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Claudius Collins Coan

Ovid, Seneca Co., NY



Source: "Town and Village of Ovid, Seneca Co., NY; an early history" [W.E. Morrison & Co., 1953] p. 278.


      "Claudius Collins Coan was born at West Stockbridge, Massachusetts on March 1, 1794, and when four years of age accompanied his parents into the wilds of western New York. He served for a short time at Niagara Falls in the War of 1812, and without assistance gained his education at the Canandaigua Academy, and pursued the study of medicine in that village with his preceptor, Samuel Dungan, M.D., who was an uncle of his future wife. It is related as an incident of his early life, but one which indicated the resolution and perseveremce which characterized his subsequent years, that Dr. Coan twice walked from Canandaigua to Philadelphia to attend the medical college. After a course of study at the University of Pennsylvania, under the tuition of the distinguished Benjamin Rush, M.D., he commenced the practice of medicine about the year 1816 at Lodi, then a scattered community, and in the same year was married to Miss Sarah M. Folwell. He took up residence on the ground where the elegant dwelling of Mahlon Coleman ws later erected, and the place with its log store, shoe store and wagon shop took on the name of Coan's Corners. In 1835 he removed to the old John McMath farm-house, a rather stately building early in the century, about two miles south of Ovid Village, where he spent the remainder of his lfe, this cross-roads also becoming known as Coan's Corners. Seven of his eight children lived to maturity, viz: William F. Coan, Sarah E. who married Henry Tuthill, Martha D. who married Clement Leach, Jennie who married A.D. Schuyler, Helen S. who married Rev. John L. Nevius, Elizabeth who married Alfred Bolter, M.D. and Miss Mary E. Coan. Dr. Coan had a good memory and a keen observation which was coupled with hard common sense. An ardent Democrat, he was an admirer of Gen'l Jackson, as was indicated by the name he gave his home, The Hermitage, and Horatio Seymour, a leading Democrat who was first elected in 1852 as Governor. The parrot that one of his daughters sent to him had been trained to say "Hurrah for Seymour and hurrah for Dr. Coan!" He continued in the uninterrupted practice of his profession until his last illness, a period of sixty-five years, and died on February 28, 1882. His wife died the following day of pneumonia, with which they were both afflicted, and they were buried side by side in the same grave. For many years Dr. Coan occupied a prominent position, but his deafness led him to decline public positions almost entirely, whether literary or political. He was skillful in his profession, successful as a financier and influential as a citizen. As an ardent pioneer in the great temperance work, he was eminently useful. Dr. Coan was a regular attendant at the Presbyterian Church in this village, joining in a reverent manner in a service of which, on account of his infirmity, he could not hear a word."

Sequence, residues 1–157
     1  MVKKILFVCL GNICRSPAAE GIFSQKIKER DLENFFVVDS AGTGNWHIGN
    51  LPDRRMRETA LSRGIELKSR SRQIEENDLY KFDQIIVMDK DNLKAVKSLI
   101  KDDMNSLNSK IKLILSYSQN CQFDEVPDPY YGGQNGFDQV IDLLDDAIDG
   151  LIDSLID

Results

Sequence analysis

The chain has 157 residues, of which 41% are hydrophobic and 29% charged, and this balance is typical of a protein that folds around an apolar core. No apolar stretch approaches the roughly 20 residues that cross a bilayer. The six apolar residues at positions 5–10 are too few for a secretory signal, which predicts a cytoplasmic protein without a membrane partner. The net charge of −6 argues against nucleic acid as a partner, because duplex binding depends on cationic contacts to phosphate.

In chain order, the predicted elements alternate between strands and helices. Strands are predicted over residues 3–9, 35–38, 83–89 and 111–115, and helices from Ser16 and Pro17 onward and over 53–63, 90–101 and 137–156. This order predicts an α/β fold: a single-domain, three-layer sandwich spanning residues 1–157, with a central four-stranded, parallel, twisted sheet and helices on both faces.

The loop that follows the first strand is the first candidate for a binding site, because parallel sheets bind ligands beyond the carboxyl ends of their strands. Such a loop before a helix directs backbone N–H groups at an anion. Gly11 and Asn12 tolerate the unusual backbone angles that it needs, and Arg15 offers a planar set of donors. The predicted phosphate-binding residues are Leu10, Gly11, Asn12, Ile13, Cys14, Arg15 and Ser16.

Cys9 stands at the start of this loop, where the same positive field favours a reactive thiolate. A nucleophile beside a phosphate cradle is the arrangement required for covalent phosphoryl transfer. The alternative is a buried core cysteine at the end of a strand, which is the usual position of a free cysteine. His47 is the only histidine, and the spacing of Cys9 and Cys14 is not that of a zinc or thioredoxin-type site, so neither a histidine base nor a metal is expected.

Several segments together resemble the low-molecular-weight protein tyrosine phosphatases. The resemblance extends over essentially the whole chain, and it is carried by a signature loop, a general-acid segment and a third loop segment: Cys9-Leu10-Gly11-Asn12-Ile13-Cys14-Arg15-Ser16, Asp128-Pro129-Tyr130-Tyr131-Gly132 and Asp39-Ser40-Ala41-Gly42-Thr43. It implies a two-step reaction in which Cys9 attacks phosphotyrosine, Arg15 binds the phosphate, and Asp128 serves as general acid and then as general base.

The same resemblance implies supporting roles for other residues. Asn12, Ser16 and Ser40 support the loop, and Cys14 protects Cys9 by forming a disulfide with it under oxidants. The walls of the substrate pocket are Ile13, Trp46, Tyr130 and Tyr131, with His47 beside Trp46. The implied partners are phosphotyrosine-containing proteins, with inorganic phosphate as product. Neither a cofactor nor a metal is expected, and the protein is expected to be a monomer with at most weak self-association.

Click here for a photo of Claudius Collins Coan, MD. and here for photos of Elizabeth Coan Bolter and Alfred Bolter, MD.


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